Take the 2-minute tour ×
Stack Overflow is a question and answer site for professional and enthusiast programmers. It's 100% free, no registration required.

In Haskell :

ghci> :type null
null :: [a] -> Bool

In Frege :

frege> :type null
Empty α => α β -> Bool

How do I interpret this answer and why is there a difference?

(example from real-world haskell as adapted in real-world frege git repo)

share|improve this question
5  
Well frege != Haskell. It differs because they're different languages. It appears that Frege simply has a typeclass for things which know how to check if they're empty, it's more polymorphic than Haskells. –  jozefg Sep 30 '13 at 3:30
    
That was quick! It would be helpful to hear about the rationale behind doing it differently. Since it is the more general - arguably cleaner - solution? –  Dierk Sep 30 '13 at 3:38
3  
Yes, type inference can be interesting with code that's "too" generic. you can get something similar in Haskell with the classy-prelude package. –  jozefg Sep 30 '13 at 3:43
    
jozefg: I'd suggest making that an answer. –  rampion Sep 30 '13 at 3:48
2  
Also, if it was decided to add an Empty typeclass to the Haskell standard library, the Frege type for null would make sense, but changing the type of null would break existing code and that's something Haskell tries to avoid the benefit is quite significant. –  Alexey Romanov Sep 30 '13 at 9:30

1 Answer 1

up vote 4 down vote accepted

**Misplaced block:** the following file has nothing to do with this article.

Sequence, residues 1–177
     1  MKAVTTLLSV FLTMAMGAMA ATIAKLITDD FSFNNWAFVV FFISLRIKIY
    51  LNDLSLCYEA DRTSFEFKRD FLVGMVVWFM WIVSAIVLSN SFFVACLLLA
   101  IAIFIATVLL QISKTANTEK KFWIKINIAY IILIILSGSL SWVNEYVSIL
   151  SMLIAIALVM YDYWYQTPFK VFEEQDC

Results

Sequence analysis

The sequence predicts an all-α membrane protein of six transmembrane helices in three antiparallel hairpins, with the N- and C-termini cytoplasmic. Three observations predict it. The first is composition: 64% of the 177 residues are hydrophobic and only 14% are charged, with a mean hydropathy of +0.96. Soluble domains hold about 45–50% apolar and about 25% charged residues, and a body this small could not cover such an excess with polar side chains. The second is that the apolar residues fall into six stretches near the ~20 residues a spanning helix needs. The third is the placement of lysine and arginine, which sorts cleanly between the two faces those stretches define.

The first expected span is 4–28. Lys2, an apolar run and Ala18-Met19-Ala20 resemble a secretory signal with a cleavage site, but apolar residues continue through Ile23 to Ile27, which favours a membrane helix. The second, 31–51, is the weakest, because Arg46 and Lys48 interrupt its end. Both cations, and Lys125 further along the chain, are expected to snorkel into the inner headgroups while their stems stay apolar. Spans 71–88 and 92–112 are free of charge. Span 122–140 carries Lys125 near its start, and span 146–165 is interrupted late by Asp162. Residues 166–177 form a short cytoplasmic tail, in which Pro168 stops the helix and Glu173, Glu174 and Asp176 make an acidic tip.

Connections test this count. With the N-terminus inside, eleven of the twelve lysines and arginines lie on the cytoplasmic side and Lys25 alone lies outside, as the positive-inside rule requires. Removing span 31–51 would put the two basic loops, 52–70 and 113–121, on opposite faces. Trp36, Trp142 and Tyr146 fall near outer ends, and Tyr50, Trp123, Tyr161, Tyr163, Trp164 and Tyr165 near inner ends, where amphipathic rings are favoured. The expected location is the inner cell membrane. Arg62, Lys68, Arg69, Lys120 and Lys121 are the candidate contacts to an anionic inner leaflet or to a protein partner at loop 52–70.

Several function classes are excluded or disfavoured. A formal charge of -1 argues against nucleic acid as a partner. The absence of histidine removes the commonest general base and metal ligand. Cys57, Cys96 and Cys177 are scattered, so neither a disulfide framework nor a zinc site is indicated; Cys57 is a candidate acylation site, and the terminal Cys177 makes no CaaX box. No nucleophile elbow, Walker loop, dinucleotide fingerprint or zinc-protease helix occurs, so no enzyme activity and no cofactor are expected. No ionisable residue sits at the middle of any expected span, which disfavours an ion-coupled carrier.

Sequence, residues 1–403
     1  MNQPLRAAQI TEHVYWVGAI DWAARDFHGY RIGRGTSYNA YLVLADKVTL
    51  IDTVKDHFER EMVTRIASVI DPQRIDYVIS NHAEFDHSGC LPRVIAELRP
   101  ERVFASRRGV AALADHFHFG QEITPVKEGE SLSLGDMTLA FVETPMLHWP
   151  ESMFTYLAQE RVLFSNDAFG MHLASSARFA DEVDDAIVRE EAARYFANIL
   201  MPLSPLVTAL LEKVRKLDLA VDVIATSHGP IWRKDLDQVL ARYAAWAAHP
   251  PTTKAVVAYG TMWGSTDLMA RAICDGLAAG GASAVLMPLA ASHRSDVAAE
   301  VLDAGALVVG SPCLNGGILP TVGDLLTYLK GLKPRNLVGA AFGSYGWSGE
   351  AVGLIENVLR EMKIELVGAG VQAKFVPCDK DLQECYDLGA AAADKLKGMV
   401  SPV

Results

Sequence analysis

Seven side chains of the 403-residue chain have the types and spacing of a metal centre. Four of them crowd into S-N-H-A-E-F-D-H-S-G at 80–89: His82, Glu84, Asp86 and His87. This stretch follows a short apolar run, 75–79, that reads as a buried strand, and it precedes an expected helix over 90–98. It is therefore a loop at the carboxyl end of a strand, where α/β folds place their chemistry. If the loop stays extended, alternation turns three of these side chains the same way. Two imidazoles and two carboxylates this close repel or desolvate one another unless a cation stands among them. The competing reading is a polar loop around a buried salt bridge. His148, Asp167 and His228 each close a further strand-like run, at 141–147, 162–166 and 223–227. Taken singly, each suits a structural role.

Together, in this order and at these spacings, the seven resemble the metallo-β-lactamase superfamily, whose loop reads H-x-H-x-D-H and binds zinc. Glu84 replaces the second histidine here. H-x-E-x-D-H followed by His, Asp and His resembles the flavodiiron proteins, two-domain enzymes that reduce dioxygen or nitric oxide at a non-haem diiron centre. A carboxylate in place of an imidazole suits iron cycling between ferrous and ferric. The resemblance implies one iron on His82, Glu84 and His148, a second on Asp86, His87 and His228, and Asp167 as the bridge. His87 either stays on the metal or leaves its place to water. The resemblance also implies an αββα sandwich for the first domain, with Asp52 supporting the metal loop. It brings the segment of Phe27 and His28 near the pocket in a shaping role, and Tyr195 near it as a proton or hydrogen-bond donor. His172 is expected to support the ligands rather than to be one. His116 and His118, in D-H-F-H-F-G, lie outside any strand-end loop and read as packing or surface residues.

Because String is not [Char] in Frege, some (maybe half-hearted) attempts have been made to nevertheless guarantee a certain level of compatibility behind the scenes:

  1. Type class Empty makes testing for the empty value (null) possible (should probably be a subclass of Monoid, though)
  2. Type class ListLike gives you head and tail and (++)
  3. Type class ListSource is for types that can be viewed as Lists (via operation toList). Currently, String, Maybe and arrays. Note that list comprehension not only allows [a], but instances of ListSource on the right hand side of generators.

Both lists and strings are instances of the above classes and this way certain basic functions do work on both lists and strings, just like in Haskell, though the type of those functions is a bit more general in Frege.

Bottom line: As long as you use simple functions like null, (++), head, tail and list comprehension you may not even notice that strings are not lists in Frege.

share|improve this answer

Your Answer

 
discard

By posting your answer, you agree to the privacy policy and terms of service.

Not the answer you're looking for? Browse other questions tagged or ask your own question.